Things I read this week that I found interesting

Each week, I’ll be putting together some things I read this week–that weren’t even necessarily written this week–that I found interesting, thought-provoking or enjoyable. Here’s this week’s reading. Feel free to pop anything else I might like into the comments.

Symphysiotomy survivors gather to recount stories of torture (TheJournal.ie)- Trigger warning for abuse by doctors. I hadn’t heard about this procedure until I read this article. Up to 1500 Irish women were given a procedure called a symphysiotomy during childbirth. This involves sawing through pelvic cartilage with a hacksaw. It’s usually a last resort, when a C-section is impossible. It was thoroughly unnecessary. They didn’t consent. Many were left permanently disabled.

Grace’s Trans 101: An Introduction to Transsexuality and Some Answers to Frequently Asked Questions (Alas, A Blog)- An overview of trans. Worth a read, particularly for cis allies.

A fate worse than death (O.M. Grey)- Righteously furious piece about rape culture.

Racism within white feminist spaces (Black Feminists Manchester)- If you are a white feminist, read this. You are probably doing–or have done–some of these things. Read this. Resolve to be better.

The truth about false accusation (The Enliven Project)- An excellent infographic illustrating false accusations of rape. Note: these are based in US statistics. In the UK, the conviction to reporting ratio is slightly better.

As the #transdocfail hashtag showed, many trans people are afraid of their doctors (Charlie Hallam)- Trigger warnings. Charlie outlines the horrific processes and abuses trans people experience when engaging with healthcare.

Do you have sex like a girl? (It’s Just A Hobby)- Sex, intersectionality, calling out transphobic bullshit. This post has it all.

Privileges and oppression are never… irrelevant (Ally Fogg)- Ally on why we can’t just close our eyes and pretend some oppressions are irrelevant.

And finally, a little treat. Here’s a very important musical public service announcement from Nadia Kamil:

About these ads

3 responses to “Things I read this week that I found interesting

  • Korhomme (@Korhomme)

    Symphysiotomy was popular in the mid 19th century for ‘disproportion, where the baby’s head was larger than the mother’s pelvis; the pelvis was often small because of disease or malnutrition. At that time, laparotomy and Caesarian section were dangerous. Symphysiotomy was also seen as a safer option than Caesarian section because “once a Caesar, always a Caesar” — there was a substantial risk of uterine rupture (at the scar) during labour, often fatal. Symphysiotomy was, however, a one-time procedure, and it was recommended that it should be repaired after delivery, with a pelvic corset or support for a year thereafter. It wasn’t intended as a way of making subsequent deliveries easier. The problems of pelvic pain and difficulty walking were well recognised.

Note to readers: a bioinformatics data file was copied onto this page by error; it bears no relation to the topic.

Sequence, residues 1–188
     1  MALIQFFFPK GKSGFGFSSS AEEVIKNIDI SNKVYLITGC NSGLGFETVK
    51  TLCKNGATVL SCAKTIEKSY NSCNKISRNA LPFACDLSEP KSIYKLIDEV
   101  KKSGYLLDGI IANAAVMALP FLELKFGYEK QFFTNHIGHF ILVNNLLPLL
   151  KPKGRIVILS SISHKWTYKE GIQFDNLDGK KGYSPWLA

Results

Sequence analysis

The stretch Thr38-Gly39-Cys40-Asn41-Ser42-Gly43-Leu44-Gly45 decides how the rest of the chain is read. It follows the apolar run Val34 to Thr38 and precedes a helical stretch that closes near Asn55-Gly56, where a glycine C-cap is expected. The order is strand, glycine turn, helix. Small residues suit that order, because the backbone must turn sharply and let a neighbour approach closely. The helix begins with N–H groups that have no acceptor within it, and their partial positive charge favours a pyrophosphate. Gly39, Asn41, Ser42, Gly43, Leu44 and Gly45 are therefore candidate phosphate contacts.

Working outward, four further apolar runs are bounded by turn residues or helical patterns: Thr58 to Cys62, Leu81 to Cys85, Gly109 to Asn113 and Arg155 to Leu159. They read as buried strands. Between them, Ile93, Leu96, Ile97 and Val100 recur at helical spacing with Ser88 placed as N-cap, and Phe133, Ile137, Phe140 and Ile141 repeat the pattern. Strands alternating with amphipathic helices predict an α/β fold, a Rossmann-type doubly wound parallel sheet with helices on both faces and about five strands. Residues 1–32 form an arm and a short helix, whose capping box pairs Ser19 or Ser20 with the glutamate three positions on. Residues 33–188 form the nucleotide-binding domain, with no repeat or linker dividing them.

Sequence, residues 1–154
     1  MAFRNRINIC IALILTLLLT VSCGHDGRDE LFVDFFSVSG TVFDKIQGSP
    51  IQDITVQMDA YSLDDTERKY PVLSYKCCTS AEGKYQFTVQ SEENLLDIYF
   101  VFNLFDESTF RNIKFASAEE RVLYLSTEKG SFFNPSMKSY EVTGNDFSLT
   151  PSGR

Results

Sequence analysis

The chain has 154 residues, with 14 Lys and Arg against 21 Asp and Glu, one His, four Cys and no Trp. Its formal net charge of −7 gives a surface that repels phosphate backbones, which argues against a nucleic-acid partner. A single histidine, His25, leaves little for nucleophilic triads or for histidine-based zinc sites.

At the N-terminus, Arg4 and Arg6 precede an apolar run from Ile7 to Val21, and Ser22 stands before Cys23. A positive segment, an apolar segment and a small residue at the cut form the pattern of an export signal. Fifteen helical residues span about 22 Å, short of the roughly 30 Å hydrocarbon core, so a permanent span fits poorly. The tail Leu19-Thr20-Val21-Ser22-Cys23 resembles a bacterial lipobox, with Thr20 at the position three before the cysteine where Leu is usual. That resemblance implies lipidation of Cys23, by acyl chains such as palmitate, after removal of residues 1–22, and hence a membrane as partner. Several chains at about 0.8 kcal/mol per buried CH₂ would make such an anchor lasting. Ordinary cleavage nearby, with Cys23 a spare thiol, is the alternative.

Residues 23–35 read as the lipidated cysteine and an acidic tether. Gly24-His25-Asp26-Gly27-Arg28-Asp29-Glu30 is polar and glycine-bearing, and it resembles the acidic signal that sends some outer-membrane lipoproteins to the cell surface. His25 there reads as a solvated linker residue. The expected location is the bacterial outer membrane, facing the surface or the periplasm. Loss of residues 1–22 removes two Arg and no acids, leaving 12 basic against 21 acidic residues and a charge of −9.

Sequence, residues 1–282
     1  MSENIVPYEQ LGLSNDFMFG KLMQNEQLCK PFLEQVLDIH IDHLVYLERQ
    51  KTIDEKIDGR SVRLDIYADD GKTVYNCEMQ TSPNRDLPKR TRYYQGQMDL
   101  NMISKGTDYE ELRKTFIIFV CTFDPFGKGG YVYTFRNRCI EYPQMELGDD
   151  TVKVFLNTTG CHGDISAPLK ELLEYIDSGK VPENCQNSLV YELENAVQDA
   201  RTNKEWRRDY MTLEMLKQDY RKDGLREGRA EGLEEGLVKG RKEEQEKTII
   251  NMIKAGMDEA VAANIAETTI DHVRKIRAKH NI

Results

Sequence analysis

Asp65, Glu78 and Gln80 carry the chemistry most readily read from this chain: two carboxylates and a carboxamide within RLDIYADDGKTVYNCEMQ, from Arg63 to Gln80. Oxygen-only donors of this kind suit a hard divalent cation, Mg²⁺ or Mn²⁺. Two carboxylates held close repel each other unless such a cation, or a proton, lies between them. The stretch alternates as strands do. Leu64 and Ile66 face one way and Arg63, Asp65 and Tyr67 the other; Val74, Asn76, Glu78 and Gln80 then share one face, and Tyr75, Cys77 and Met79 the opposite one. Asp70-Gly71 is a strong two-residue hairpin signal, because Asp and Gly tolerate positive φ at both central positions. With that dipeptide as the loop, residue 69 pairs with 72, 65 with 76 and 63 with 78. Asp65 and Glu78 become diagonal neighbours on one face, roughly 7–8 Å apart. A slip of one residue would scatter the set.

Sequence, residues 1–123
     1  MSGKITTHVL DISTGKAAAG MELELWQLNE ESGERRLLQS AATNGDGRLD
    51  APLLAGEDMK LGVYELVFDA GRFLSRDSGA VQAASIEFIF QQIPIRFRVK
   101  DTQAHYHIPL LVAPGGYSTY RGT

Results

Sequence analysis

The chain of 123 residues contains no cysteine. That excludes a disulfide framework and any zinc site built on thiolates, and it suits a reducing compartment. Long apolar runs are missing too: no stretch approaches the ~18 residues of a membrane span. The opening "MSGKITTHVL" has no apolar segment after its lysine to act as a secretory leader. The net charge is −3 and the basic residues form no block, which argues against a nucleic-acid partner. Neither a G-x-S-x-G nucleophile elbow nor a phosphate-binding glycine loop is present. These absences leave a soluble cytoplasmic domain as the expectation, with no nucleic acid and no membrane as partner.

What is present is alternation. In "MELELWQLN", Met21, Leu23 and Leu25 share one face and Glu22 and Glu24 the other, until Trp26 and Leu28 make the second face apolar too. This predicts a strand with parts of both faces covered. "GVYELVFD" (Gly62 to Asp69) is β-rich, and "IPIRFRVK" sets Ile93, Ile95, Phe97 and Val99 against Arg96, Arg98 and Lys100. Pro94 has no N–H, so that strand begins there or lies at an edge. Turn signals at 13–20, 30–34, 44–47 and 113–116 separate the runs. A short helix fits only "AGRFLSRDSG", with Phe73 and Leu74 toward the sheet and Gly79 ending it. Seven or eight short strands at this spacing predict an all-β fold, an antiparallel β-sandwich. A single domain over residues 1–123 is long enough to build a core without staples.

However, the “once a Caesar, always a Caesar” attitude persisted, even after the original uterine incision was replaced by one that did allow subsequent vaginal deliveries.

    There was no concept of contraception in Ireland, and families with 12 or more children were common; twelve Caesarian sections would have been seen as impossible.

  • John O'Dwyer

    Thanks for the great links.

    My ‘Real’ Name Is What I Tell You It Is at TransGriot

    http://transgriot.blogspot.ie/2013/01/my-real-name-is-what-i-tell-you-it-is.html

  • Matthew Smith

    It’s usually a last resort, when a C-section is impossible. It was thoroughly unnecessary.

    That actually wasn’t the reason it was done in Ireland (it is sometimes — very rarely done for that reason in places where a Caesarian really is impossible, such as when a woman is far from a hospital and has no hope of getting to one, and the baby is in distress). The reason was to prevent more Caesarians so as to make future use of contraception unnecessary, because having more than three Caesarians is strongly discouraged and contraception was against what the Catholic church was teaching back then. The thinking was that the woman would be able to go on delivering baby after baby relatively easily and there was no “moral danger”. The majority of hospitals that practised it were church-run.

Leave a Reply

Fill in your details below or click an icon to log in:

WordPress.com Logo

You are commenting using your WordPress.com account. Log Out / Change )

Twitter picture

You are commenting using your Twitter account. Log Out / Change )

Facebook photo

You are commenting using your Facebook account. Log Out / Change )

Google+ photo

You are commenting using your Google+ account. Log Out / Change )

Connecting to %s

Follow

Get every new post delivered to your Inbox.

Join 17,815 other followers

%d bloggers like this: